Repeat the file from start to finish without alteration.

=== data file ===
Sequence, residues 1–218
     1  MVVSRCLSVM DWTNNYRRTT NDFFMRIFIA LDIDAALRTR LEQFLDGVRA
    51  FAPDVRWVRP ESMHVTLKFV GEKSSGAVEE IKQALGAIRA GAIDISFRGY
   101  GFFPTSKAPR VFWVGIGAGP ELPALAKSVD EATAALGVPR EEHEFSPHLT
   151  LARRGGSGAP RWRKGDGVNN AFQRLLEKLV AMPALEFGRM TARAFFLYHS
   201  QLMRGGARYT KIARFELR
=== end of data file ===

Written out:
Sequence, residues 1–218
     1  MVVSRCLSVM DWTNNYRRTT NDFFMRIFIA LDIDAALRTR LEQFLDGVRA
    51  FAPDVRWVRP ESMHVTLKFV GEKSSGAVEE IKQALGAIRA GAIDISFRGY
   101  GFFPTSKAPR VFWVGIGAGP ELPALAKSVD EATAALGVPR EEHEFSPHLT
   151  LARRGGSGAP RWRKGDGVNN AFQRLLEKLV AMPALEFGRM TARAFFLYHS
   201  QLMRGGARYT KIARFELR